Like riot crops bravely maiming women
Like December, January and February
This will definitely pass…

putin enemy of people“Putin is an enemy of the people.” March 1, 2020, Petersburg. Photo by and courtesy of VA

This will definitely pass!
A wet plastic bag on its head
Electric shock marks on its hands
My Russia is behind bars
But trust me
It will pass!
What black times we live in
But in the distance I seem to see
The forgotten light of living hope, so trust me
This will definitely pass

All of it will pass, everything passes sometime
In a year, in a day, in an instant
Yesterday’s dictator will lie alone in the morgue
Now just a dead old man
And the doors at Lefortovo will be cut from their hinges
And Russia will rise from its slumber
Like the battered and blown-up Malaysian airplane
Spring will burst into your icy hut

This will definitely pass!
A wet plastic bag on its head
Electric shock marks on its hands
My Russia is behind bars
But trust me
It will pass!
What black times we live in
But in the distance I seem to see
The forgotten light of living hope, so trust me
This will definitely pass

Translated by the Russian Reader

Petersburg Police Sabotage Pussy Riot Video Shoot

Police Sabotage Pussy Riot Video Shoot at Lenfilm Studio
Mediazona
February 9, 2020

Pussy Riot member Nadezhda Tolokonnikova has told Mediazona that police have sabotaged the filming of a video for the Pussy Riot song “Rage” at Lenfilm Studio in Petersburg.

“There are cops and Center ‘E’ officers at the filming of our video at Lenfilm. First, they came and made us sign an obligation not to promote ‘homosexualism’ and ‘extremism,” and then left to talk with Lenfilm management. Half an hour later, the lights were turned off throughout the building. The shoot was scheduled to run from noon to six in the morning. So, the whole thing’s a bust,” Tolokonnikova said.

riotPolice at Lenfilm in Petersburg. Photo by Nadezhda Tolokonnikova. Courtesy of Mediazona

The producers tried to rent a generator, but they were not permitted to bring it on the premises of the studio.

“Two days before the shoot, plainclothes officers visited Lenfilm and insisted they cancel the shoot. Surprisingly, Lenfilm refused to heed their request, telling them that we had paid and all the paperwork was in order,” the performance artist added.

Tolokonnikova said that feminist activist Nixel Pixel (aka Nika Vodwood), artist Lölja Nordic, and photographer Aleksandr Sofeev were among the people slated to appear in the video.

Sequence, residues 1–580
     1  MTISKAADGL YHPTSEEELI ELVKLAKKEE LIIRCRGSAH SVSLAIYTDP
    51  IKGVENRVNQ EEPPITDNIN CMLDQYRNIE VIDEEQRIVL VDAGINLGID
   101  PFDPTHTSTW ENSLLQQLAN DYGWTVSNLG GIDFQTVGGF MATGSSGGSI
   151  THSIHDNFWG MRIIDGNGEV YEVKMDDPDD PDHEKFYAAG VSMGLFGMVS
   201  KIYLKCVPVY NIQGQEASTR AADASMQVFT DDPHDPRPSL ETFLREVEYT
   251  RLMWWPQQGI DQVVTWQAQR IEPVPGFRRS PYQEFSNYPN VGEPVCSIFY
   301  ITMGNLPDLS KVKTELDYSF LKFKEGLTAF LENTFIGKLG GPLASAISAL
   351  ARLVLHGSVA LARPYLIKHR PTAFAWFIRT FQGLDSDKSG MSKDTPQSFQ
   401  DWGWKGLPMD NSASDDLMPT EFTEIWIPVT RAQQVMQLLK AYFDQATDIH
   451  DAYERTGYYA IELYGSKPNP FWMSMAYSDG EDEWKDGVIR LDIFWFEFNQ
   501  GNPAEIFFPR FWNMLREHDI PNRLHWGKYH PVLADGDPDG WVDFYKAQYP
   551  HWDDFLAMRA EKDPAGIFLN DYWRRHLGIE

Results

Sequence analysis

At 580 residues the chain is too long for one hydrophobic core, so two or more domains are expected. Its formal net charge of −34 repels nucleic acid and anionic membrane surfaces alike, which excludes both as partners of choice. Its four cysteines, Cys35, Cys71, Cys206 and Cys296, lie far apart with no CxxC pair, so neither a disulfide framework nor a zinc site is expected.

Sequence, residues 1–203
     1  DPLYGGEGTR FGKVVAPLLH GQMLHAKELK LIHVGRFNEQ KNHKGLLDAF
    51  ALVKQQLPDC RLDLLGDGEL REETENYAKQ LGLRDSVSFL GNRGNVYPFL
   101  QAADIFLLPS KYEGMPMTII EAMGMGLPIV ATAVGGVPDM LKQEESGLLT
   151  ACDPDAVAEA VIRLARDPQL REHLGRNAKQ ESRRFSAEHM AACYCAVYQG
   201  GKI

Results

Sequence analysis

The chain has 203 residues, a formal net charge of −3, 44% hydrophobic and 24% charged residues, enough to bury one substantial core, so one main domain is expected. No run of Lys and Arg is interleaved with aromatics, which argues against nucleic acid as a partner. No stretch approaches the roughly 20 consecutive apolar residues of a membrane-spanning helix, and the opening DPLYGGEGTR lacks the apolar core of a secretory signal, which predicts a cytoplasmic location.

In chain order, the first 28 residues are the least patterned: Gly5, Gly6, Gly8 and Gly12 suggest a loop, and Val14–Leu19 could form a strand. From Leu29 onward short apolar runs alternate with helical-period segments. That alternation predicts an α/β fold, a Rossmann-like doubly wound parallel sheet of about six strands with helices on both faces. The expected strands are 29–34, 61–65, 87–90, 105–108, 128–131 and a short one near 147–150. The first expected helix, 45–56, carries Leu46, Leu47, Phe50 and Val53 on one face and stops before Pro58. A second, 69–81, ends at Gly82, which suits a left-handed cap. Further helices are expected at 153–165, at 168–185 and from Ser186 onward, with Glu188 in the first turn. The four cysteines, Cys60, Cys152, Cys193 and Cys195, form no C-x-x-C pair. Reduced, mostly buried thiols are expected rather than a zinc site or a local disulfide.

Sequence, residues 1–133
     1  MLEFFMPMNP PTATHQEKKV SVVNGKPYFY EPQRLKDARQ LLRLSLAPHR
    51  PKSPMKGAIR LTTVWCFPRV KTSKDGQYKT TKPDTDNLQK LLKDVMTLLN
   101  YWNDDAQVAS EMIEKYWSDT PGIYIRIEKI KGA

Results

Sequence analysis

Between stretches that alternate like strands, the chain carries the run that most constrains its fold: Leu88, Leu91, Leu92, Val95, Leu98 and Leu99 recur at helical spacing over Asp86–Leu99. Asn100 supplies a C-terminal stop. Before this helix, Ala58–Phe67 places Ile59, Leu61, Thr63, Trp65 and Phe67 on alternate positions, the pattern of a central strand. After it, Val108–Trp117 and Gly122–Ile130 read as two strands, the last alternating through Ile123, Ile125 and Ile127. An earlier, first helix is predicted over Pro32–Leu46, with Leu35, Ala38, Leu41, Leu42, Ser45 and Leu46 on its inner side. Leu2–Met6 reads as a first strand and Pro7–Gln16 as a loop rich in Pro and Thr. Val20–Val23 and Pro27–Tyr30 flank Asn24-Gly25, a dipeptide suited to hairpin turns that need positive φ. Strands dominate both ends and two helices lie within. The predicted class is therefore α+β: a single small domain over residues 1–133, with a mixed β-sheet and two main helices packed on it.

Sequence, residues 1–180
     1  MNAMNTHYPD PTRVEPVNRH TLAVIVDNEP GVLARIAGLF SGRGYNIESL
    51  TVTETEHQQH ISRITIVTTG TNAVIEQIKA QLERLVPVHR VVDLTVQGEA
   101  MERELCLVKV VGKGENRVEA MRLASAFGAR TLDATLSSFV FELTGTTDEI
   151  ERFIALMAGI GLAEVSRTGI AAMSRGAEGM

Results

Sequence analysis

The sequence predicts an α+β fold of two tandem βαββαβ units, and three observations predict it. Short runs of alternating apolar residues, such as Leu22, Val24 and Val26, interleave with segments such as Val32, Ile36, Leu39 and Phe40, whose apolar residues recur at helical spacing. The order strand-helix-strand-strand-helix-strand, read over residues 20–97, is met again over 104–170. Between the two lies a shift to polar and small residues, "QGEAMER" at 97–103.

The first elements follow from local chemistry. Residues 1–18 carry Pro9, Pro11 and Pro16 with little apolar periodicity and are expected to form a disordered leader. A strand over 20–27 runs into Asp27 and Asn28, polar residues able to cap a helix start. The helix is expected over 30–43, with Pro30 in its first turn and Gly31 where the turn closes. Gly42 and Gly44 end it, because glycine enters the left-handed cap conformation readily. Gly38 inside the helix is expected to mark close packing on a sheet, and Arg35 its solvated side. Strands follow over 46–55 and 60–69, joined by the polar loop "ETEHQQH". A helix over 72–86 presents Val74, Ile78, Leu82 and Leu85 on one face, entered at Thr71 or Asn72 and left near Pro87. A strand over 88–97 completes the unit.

“There were supposed to be riot cops [OMON] in the video, but a real patrol showed up instead. The song is about resisting the authorities,” Tolokonnikova told Mediazona.

In an interview with Znak.com, Inessa Yurchenko, who was appointed Lenfilm’s new director general two days ago, called Tolokonnikov’s story a provocation.

“The guys were supposed to have actors in police uniforms, so they cannot pass that off as there being police officers there. There are no police officers on the premises of Lenfilm. It’s not nice to show pictures of actors and provoke the public,” she said.

Yurchenko threatened to call the police.

“I won’t be surprised if there are more provocations on their part—then I will be forced to call the police,” she said.

Yurchenko explained that the blackout in the studio had been caused by an accident on the power grid.

“The head of security will now have to follow regulations while the cause of the accident is established, and so he will have to ask [people] to evacuate Lenfilm because it’s a [secure] facility,” she said.

She added that the activists could return to the film studio when the power was restored.

Translated by the Russian Reader

Shiyes: The Cost of Solidarity

Republic
October 31, 2019

In the Arkhangelsk Region, the security forces have launched an offensive against the camp in Shiyes, where an indefinite protest against construction of a landfill for Moscow’s garbage has been going on for over a year. The Russian National Guard has cordoned off the station, blocked the nearest village, Urdoma, and destroyed one of the posts manned by activists. The railway connection with the station was closed in the summer, and the only way to get to Shiyes is the ferry across the Vychegda River.

On the eve of the siege, the vocalists from the group Arkady Kots, composers of the song “Walls,” which has been adopted as the protest camp’s anthem, traveled to Shiyes to boost their morale.

Directed by Anna Moiseyenko and Alexandra Matveyeva (Moscow, 2019)

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shiyes.pngA banner in the activist camp at Shiyes station: “Hands off Shiyes! Vychegda Defense Committee.” Photo courtesy of Current Time TV and Sever.Realii

Anti-Shiyes Activists in Arkhangelsk Region Laid Off After Several Warnings
Sever.Realii (Radio Svoboda)
November 1, 2019